JudgeEugene Tay
Judgment Date29 June 2015
Neutral Citation[2015] SGFC 90
CourtFamily Court (Singapore)
Docket NumberDivorce Suit No. 1679/2012/R
Published date21 July 2015
Hearing Date24 April 2015
Plaintiff CounselMr Alagappan (with trainee) (M/s A Alagappan Law Corporation)
Defendant CounselMs Remya Aravamuthan (with trainee) (M/s Kalamohan & Co)
Subject MatterCatchwords: Family Law,Stay of proceedings,Forum Non Conveniens
Citation[2015] SGFC 90
District Judge Eugene Tay: Introduction

This is an appeal brought by the Defendant husband against my decision to dismiss his application to stay divorce proceedings brought by the Plaintiff wife in Singapore on the grounds of forum non conveniens.

Material facts

The parties are India nationals. The Plaintiff is 41 years old and the Defendant is 45 years old. They were married in India according to Hindu rites and customs on 7 September 2001. They registered the marriage in India on 26 June 2003. They have two (2) male children, aged 12 (born on xxx June 2002) and 7 (born on xxx August 2007) respectively.

Shortly after parties were married, the Defendant came to Singapore to work and became a Singapore citizen. He is currently employed as a chef. On 7 May 2005, in search for a better life for the family, the Defendant brought the Plaintiff and the elder child to Singapore to settle down. The Defendant arranged for the family to stay at his relative’s flat in Hougang Avenue 5. The Defendant also applied for the Plaintiff and the elder child to become Singapore permanent residents. Both the Plaintiff and the elder child became Singapore permanent residents on 13 May 2005.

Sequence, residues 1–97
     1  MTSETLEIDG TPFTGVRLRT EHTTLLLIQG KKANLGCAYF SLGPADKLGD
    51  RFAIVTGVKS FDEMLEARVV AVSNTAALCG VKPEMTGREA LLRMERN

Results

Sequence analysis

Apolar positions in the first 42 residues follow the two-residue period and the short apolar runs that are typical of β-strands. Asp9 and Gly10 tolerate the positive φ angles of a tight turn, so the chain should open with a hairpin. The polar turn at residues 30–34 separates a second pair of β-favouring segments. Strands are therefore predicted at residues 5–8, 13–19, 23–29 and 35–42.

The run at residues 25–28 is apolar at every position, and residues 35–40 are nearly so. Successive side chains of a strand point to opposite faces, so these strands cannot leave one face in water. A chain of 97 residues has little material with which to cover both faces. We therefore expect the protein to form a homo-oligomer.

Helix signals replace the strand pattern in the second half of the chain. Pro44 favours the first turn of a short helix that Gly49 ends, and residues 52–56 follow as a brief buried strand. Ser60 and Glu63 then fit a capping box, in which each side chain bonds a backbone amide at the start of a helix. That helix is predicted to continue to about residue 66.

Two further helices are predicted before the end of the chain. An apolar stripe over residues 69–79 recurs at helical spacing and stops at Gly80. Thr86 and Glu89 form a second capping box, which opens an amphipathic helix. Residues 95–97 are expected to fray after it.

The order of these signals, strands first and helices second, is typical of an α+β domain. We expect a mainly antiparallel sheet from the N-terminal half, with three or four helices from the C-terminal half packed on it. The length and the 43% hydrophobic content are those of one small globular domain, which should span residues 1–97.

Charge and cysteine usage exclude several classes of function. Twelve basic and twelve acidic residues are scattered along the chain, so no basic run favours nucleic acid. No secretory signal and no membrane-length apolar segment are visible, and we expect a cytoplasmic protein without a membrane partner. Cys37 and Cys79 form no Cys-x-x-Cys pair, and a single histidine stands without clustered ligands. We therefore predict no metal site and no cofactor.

The Plaintiff became pregnant again in 2006. In August 2007, the Defendant sent the Plaintiff and the elder child back to India so that the Plaintiff could give birth. The younger child was born on xxx August 2007.

After giving birth to the younger child, the Plaintiff contacted the Defendant to make arrangements for the two (2) children and her to return to Singapore. The Defendant said that he was having financial difficulties and could not afford the travel expenses, and that he would make arrangements later. The Plaintiff claimed that the Defendant kept on delaying travel plans, whereas the Defendant claimed that he was unable to bring the children to Singapore due to financial difficulties.

The Plaintiff claimed, inter alia, that sometime in 2010, she came to know that the Defendant was having a wrongful relationship with another woman in Singapore. This was strenuously denied by the Defendant.

In 2012, the Plaintiff came to Singapore. The Plaintiff claimed that because she was not able to support the children’s expenses as she was unemployed in India, she had no alternative but to leave the children in the care of her parents in India and come to Singapore to look for the Defendant. After she was unsuccessful in looking for the Defendant, she managed to find employment as a cashier. She had been habitually residing in Singapore as a Singapore permanent resident since. On the other hand, the Defendant claimed that the Plaintiff had come to Singapore to work on her own, and that it was unbelievable that she was searching for him in Singapore. It was also disputed whether the Defendant actually knew that the Plaintiff had come to Singapore and knew where she resided.

In 2013, the Plaintiff filed an application in the Singapore Court under MSS xxx/2013 against the Defendant seeking maintenance for herself and the two (2) children (“the Maintenance Summons”). There was no application taken out by the Defendant to dispute or challenge the jurisdiction of the Singapore Court to hear the Maintenance Summons. On 20 November 2013, a by-consent order was recorded in Court for the Defendant to pay the Plaintiff $200.00 per month as maintenance for the Plaintiff with effect from 17 December 2013. The Court also ordered the Defendant to pay the Plaintiff $150.00 per month for the maintenance for the children with effect from 17 December 2013.